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My pedals have gone thru a number of changes and at the moment I have this set up so it fits on this hoopty little board I built to specifically fit in this one bag. I realize basing your pedals on a bag to carry it in is probably the worst plan, but so far, it’s working.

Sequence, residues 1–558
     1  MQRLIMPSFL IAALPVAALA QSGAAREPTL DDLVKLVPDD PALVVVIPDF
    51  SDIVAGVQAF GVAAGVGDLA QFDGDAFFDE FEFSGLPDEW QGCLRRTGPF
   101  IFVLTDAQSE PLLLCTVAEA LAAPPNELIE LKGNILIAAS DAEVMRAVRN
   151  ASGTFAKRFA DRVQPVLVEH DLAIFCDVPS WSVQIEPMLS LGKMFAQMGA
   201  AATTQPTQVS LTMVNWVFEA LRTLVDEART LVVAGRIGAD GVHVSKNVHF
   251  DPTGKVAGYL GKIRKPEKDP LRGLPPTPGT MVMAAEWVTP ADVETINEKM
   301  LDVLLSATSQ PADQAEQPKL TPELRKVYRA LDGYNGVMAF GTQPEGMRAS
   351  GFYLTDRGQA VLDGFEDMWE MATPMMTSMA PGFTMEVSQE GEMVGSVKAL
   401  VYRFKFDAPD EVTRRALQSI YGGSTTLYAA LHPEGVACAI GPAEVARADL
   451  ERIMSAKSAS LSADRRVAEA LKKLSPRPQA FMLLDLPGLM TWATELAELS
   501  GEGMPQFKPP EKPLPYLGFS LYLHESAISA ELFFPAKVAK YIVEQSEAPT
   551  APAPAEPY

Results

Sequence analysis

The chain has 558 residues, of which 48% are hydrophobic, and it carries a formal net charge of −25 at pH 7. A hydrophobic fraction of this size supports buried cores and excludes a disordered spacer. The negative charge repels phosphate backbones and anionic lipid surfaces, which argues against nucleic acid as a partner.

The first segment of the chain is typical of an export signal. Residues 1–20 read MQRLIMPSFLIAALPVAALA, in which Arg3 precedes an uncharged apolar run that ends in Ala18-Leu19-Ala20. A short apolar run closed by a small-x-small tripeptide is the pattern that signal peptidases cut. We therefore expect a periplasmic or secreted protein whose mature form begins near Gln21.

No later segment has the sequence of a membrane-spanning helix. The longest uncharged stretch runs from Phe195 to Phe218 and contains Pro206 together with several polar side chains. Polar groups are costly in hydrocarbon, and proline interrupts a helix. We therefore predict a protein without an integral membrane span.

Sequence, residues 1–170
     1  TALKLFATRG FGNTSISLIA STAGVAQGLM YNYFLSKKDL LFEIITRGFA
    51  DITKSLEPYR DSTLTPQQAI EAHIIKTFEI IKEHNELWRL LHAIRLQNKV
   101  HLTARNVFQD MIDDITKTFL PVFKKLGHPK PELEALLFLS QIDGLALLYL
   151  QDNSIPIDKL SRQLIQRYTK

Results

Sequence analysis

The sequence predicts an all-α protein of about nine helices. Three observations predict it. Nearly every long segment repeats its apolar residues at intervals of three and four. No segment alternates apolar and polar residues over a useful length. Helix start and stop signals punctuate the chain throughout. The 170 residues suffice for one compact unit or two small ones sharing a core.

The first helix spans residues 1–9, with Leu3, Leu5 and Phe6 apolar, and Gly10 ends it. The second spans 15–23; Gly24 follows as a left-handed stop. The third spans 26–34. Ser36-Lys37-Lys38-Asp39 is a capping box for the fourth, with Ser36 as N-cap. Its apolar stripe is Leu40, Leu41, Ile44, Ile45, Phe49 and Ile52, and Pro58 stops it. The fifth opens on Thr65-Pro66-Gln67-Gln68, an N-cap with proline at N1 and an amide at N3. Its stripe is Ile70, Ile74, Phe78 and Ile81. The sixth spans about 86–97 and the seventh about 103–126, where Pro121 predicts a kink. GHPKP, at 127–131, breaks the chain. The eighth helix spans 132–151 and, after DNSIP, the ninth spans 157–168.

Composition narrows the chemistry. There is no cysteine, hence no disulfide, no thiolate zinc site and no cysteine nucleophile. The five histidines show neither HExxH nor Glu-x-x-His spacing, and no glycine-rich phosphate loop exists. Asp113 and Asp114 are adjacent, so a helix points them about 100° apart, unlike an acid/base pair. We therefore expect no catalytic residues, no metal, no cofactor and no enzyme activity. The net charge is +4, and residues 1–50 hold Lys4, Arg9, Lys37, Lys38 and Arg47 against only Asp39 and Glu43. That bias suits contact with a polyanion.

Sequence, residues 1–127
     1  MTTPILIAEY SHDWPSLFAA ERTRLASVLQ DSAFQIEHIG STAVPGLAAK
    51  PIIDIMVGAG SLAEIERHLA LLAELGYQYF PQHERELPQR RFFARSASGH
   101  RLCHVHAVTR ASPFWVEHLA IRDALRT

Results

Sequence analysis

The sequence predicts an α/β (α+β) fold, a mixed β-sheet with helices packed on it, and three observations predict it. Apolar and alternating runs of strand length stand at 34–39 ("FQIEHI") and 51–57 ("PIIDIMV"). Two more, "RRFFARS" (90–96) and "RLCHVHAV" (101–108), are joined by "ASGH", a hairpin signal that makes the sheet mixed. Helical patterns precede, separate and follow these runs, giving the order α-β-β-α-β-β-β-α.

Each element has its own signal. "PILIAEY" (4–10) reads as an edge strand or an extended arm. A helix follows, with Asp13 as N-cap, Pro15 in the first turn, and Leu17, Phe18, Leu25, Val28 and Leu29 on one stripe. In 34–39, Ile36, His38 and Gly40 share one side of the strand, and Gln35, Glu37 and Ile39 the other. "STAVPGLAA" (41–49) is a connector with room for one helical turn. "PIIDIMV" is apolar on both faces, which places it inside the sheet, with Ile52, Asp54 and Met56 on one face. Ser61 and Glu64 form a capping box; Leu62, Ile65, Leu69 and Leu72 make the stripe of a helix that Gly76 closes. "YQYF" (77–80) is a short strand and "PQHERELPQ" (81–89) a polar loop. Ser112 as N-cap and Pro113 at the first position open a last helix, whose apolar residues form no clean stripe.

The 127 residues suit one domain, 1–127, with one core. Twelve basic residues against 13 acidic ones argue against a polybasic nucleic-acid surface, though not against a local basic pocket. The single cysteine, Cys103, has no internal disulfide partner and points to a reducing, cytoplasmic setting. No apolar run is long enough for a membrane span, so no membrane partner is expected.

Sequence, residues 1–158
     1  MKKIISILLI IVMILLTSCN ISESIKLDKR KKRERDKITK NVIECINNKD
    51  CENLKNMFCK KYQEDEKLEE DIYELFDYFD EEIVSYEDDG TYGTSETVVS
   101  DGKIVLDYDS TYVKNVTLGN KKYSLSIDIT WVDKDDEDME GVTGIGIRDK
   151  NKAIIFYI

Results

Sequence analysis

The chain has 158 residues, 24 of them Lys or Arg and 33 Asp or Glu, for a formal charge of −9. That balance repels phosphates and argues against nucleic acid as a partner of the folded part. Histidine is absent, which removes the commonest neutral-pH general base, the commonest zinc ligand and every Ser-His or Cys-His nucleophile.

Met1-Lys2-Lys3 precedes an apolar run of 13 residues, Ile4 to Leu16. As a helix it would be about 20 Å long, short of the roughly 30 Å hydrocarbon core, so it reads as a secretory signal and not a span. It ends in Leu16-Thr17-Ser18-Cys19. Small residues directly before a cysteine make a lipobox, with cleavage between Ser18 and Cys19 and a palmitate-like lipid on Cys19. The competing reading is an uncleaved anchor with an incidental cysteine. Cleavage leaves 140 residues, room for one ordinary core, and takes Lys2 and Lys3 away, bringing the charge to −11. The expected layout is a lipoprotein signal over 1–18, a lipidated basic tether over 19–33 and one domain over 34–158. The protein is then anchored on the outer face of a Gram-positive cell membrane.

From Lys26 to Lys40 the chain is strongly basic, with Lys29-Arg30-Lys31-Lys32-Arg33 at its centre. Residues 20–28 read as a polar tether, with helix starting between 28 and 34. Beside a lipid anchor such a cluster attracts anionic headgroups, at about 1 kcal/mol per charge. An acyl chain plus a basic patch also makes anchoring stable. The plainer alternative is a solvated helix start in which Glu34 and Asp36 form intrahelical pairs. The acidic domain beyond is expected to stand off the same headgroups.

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For the most part, my pedal need is tuner, low-gain overdrive into a Dumble-style overdrive, boost, tremolo, delay, reverb, and EQ. Currently, I use TC Electronic mini’s and a few Wampler pedals to make this happen. The Wampler Tumnus is a Klon clone and I always leave it on so that my cleans poke thru the mix and it gives a little gristle when you hit the strings harder. I recently changed from a Mad Professor Simble pedal to the Wampler Dual Fusion. It’s meant for those super technical sweep-picking fusion jazz guys so it’s a ridiculous pedal for our style, however it works for my needs on the songs. I had used the Wampler Euphoria for years as my main overdrive tone, and always paired it with a TS-style low gain pedal for boosting the gain on it. The Dual Fusion is essentially that in one box – a modded Euphoria and the Brad Paisley signature pedal (TS-esque, but based on the Trainwreck amp). The Paisley side I use as a solo boost and the Euphoria is my main overdrive. The effects are all TC Electronic and I use them because of size and their beam-in setting function. The Pipeline Tremolo is set for a fairly heavy square wave tremolo. The Hall of Reverb pedal uses a spring reverb patch, and the Flashback Delay uses a slapback patch. I have a number of other delays, reverbs, and tremolos, but I found these were pretty versatile because if the effect didn’t suit the song, I could beam a new setting using the app on my phone. Size also does matter on this board so the mini Flashback and HOF are a plus. The board is rounded out by a MXR 10-band EQ for fine-tuning the EQ spectrum. I found that it helped round out my Blues Junior amp and not make it sound boxy, so I kept it onboard for the Dr. Z and Fender Blues Deluxe. I might replace it with the Source Audio EQ since there are no sliders on that pedal and right now I have a piece of plastic protecting my sliders from being bumped. The second tier of the pedals sit on a hidden Voodoo Labs Pedal Power.